March 15 , 2009
Barbuda is an enchanting island with its turquoise water, eleven mile-long pink sand beach, frigate bird colony and complete lack of interest in anything relating to tourism. We could have stayed much longer.
Thursday afternoon we noticed a mass exodus from the anchorage. Eight sailboats were present at noon but by 4:00 only two remained. Some had only arrived that morning and surely hadn't see the frigate birds. Was something up? Did we miss a vital weather report? As we don't listen to the radio in port we very well might have.
Out came the computer and Jim downloaded the latest GRIB files. Sure enough, bigger waves from the north were predicted. We knew they were increasing but felt safe to stay through the night and leave in the morning. Maybe it's the herd mentality, we decided to leave that night and sail 60 miles to St. Barts. The west coast of Barbuda is no place to be in big northerly swells. The full moon promised magic and it was exciting to think of doing an overnighter again. We'd have a slumber party and stay up all night together in the cockpit talking and enjoying the moon-lit passage.
After 3 years of living on a 40' boat we still like being together
The anchor was up by 6:00 pm and we followed our inbound route to clear all shoals and reefs. Once in deep water (14 feet) we rolled out the main and jib keeping them reefed. Winds were 15-20 knots aft and we wanted to move slowly so as not to arrive before dawn.
Tenaya had other ideas. She sailed along very nicely. Too nicely, in fact. Wanting to average no more than 5 knots she was sailing closer to 6. We reefed some more. After dinner I was feeling sleepy and Jim suggested we do our normal watch schedule of 4 hours on and 4 hours off. I crawled into the sea bunk and rested. When I came back on watch Jim went below to sleep. So much for our fun night in the cockpit together!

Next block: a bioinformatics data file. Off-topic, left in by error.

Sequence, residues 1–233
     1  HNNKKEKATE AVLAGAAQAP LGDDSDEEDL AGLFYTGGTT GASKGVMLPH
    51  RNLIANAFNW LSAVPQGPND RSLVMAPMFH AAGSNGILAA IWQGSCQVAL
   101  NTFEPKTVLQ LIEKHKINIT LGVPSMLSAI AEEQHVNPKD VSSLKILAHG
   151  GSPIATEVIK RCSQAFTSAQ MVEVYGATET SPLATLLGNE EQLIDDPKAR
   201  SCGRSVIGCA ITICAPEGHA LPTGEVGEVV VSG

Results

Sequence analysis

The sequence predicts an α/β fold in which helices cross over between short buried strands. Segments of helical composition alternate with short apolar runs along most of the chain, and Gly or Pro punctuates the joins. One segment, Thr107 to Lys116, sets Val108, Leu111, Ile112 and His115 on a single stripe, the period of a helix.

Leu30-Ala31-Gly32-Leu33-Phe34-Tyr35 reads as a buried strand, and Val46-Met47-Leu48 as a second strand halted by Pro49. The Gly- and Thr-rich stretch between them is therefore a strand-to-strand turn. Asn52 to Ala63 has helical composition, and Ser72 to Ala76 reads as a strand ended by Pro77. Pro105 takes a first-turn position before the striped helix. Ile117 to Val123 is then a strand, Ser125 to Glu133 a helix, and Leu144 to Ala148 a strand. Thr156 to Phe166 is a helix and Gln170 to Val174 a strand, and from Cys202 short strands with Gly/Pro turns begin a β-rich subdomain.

The large northerly swells arrived as forecast giving us a very bumpy ride. Only having tiny bits of sail up probably didn't help the motion either. The full moon was covered by clouds most of my watch and squalls came through pushing our SOG over 6 knots, even with heavily reefs sails. Fortunately in the wee hours the wind died down and our speed slowed. Dawn broke as we approached the anchorage.
The anchorage at Gustavia, St. Barts
Several islets in the anchorage have good snorkeling
I could see the anchor perfectly in clear water eight meters deep. As I let out chain a sting ray swam along the sandy bottom. Later, after the anchor was set and we were sitting in the cockpit, the largest turtle we've seen yet swam by. I'm going to like this place!
The harbor at Gustavia
St. Barthelemy, known as St. Barts to Americans and St. Barth to everyone else, conjures up images of massive yachts, chic jet-setters, designer shops, celebrities, trendy restaurants and fabulous beaches. That's not far off. We've seen more huge power yachts and gorgeous, classic sailing yachts at anchor here than anywhere yet in the Caribbean. It rivals Portofino in Italy. There are also aged and worn diminutive French sailboats with years of growth fringing their waterlines. Their owners seem to have settled here.